A boy and a woman wearing face masks were seen walking down a street on July 27, 2020 in Hong Kong, China.
Vernon Yuen | NurPhoto | Getty Images
Hong Kong Legislative Council elections will be postponed for a year, city leader Carrie Lam announced on Friday amid a new expansion of coronavirus cases.
Voting was initially scheduled for Sept. 6, but will now take place on Sept. 5, 2021, according to Lam. He said the central government supported the decision and was taken to safeguard the health of the people.
“The announcement I have to make today is the most difficult decision I have had in the last seven months,” Lam told a news conference, the Associated Press reported.
“We want to ensure fairness and security and public health and we need to ensure that elections are held in an open, fair and impartial manner. Therefore, this decision is essential,” he said.
As of July 30, authorities reported an additional 149 cases of Covid-19, bringing the city’s total to 3,151, according to the city’s health department.
Initially, Hong Kong was congratulated on its response to the pandemic and was able to avoid widespread blockades that many countries imposed to curb the spread of the disease. However, coronavirus cases re-emerged and confirmed reaching new daily highs in recent weeks.
The postponement of the elections came after Hong Kong authorities announced on Thursday that 12 pro-democracy candidates have been disqualified from running in the next elections. Among them were high-profile activist Joshua Wong, and existing lawmakers Dennis Kwok and Alvin Yeung.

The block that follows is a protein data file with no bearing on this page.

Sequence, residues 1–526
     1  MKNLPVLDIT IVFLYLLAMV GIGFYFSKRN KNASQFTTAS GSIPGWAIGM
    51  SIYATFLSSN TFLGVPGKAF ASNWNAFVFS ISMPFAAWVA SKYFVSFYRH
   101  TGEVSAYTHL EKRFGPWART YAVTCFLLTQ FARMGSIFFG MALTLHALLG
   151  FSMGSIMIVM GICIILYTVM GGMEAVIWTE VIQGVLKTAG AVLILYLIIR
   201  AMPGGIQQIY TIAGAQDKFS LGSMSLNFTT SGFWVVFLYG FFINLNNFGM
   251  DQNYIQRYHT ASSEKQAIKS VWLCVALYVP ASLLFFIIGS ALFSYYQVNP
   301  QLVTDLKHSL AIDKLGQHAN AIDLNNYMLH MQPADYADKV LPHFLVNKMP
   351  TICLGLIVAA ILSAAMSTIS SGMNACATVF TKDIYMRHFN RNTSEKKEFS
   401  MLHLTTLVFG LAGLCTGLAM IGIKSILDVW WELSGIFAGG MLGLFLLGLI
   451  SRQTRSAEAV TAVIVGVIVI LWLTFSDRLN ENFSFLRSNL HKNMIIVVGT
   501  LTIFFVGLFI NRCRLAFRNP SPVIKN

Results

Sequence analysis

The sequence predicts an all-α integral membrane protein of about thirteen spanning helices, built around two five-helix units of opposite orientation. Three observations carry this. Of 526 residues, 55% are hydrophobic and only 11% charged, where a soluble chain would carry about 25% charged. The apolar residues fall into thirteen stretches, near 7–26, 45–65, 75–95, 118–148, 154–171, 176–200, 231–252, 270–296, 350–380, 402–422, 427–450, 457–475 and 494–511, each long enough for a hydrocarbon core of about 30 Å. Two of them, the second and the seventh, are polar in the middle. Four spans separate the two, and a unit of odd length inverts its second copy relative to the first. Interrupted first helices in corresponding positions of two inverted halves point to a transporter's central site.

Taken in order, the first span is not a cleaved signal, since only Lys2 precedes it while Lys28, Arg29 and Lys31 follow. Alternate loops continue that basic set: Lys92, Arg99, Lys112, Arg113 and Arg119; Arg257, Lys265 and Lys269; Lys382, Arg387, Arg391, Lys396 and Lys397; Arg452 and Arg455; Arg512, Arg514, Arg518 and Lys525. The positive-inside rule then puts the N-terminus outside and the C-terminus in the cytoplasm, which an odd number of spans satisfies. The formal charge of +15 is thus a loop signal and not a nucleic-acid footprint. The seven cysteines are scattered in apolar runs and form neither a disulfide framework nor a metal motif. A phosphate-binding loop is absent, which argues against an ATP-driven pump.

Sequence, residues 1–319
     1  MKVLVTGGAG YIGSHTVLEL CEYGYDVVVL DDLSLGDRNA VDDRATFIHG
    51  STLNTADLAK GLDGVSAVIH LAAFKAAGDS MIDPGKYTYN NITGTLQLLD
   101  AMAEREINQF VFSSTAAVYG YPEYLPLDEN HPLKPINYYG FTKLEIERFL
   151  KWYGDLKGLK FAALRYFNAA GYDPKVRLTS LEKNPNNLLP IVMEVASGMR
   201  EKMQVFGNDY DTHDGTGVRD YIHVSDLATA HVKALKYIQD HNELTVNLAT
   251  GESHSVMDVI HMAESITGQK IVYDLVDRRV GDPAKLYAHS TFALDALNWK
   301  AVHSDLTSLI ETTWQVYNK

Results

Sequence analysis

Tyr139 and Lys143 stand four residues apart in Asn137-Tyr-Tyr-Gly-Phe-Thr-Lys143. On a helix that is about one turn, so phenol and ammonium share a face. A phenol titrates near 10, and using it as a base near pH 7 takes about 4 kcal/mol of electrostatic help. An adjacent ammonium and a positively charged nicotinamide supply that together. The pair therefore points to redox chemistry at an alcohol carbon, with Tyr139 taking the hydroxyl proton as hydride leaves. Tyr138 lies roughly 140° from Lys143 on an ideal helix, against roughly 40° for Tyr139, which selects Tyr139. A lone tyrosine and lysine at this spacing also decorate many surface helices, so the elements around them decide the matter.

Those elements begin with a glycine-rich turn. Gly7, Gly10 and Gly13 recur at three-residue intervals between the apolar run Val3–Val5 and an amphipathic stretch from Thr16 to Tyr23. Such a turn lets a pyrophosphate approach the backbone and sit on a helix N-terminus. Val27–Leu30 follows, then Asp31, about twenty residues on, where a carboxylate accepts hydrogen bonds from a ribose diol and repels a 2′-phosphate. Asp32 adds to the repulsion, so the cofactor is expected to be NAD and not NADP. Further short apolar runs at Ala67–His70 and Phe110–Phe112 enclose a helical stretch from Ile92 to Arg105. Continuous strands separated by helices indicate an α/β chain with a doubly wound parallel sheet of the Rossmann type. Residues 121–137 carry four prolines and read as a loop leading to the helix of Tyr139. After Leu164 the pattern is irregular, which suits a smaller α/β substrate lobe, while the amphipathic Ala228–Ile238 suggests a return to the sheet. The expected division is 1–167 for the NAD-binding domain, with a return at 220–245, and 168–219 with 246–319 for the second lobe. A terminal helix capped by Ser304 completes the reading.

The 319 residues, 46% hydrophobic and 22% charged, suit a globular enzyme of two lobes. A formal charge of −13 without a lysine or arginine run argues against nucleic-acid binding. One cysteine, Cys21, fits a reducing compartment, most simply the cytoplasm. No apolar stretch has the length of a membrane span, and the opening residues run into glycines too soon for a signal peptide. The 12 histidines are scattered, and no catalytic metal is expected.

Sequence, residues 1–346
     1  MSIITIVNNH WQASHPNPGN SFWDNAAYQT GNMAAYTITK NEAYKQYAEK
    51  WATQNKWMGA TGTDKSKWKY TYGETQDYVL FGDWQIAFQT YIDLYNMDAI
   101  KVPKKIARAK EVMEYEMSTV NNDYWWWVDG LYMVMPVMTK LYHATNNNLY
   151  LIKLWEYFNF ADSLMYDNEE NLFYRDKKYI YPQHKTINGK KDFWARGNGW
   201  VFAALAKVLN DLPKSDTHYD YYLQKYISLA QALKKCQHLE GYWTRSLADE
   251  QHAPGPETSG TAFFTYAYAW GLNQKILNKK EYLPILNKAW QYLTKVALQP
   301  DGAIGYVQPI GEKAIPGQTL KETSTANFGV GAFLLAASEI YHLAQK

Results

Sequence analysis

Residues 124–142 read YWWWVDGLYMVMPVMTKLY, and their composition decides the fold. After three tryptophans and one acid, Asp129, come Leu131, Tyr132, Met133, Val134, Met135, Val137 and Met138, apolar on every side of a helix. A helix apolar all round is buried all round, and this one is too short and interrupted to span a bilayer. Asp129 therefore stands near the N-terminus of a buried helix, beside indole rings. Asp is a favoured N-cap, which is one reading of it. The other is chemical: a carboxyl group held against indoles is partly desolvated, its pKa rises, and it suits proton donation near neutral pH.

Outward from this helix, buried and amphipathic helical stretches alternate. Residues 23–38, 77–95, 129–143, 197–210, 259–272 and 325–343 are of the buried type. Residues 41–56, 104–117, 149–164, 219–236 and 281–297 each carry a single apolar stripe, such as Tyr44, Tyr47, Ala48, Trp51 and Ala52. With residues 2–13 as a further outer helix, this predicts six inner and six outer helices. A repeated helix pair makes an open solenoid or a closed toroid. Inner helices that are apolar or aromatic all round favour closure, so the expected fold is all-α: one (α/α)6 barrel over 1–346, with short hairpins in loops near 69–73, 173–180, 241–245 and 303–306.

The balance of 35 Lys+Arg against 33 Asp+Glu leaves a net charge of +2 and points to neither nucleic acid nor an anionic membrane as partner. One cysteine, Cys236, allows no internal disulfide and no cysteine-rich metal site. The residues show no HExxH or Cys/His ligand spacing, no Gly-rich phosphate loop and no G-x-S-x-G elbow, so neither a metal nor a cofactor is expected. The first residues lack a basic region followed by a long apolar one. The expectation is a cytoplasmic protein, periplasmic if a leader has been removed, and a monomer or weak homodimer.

Under Hong Kong law, elections may be postponed if the city’s CEO believes he or she is likely to be “obstructed, disturbed, undermined or severely affected by reasons of violence or open violence or any health hazard and public safety “. Voting usually takes place within 14 days of the initial date, but the city leader also has the power to make regulations when there are “occasions of emergency or public danger.”
The disqualification of pro-democracy candidates provoked criticism abroad, including British Foreign Secretary Dominic Raab.
In a statement on the UK government’s website, Raab said it was clear that they had been disqualified because of their political views, undermining the integrity of “One Country, Two Systems” and the rights and freedoms guaranteed in the Joint Declaration and Hong Kong Base. Law. “
Hong Kong has been governed under the policy of “one country, two systems” since the former British colony returned to the Chinese government in 1997. This framework gives Chinese territory a largely separate economic and legal system and allows those who they live on limited electoral rights.
Rumors of an election delay were already stirring even before the announcement.
U.S. Secretary of State Mike Pompeo on Thursday called on Hong Kong to continue with the election as planned.
After local media reported a possible delay, pro-democracy activist Wong said on Twitter that “using (the) pandemic as an excuse to postpone elections is definitely a lie.”
He said hygiene measures could be increased to reduce the risk of infection during the vote.
The government re-imposed social distancing rules and tightened restrictions this week further. The measures were tougher than those introduced when the first health crisis appeared earlier this year.
Lunch services were suspended and meetings of more than two people were banned in late July, while face masks were required in all public places.
“But the (government) only knows how to interfere in elections that used to be free and fair, or disqualify my candidacy or call elections,” Wong said on Twitter.
The September election would have been the first city since its controversial national security law went into effect in late June. Beijing said the law is intended to ban secession, subversion of state power, terrorism and foreign interference, but critics feared it would be used to crush dissent.
According to the Reuters case, he cited an unofficial primary in July that saw more than 600,000 people cast a symbolic vote, citing the opposition camp.
Anyone convicted of a crime under the new national security legislation may not stand as a candidate in the election of the legislative council or district councils.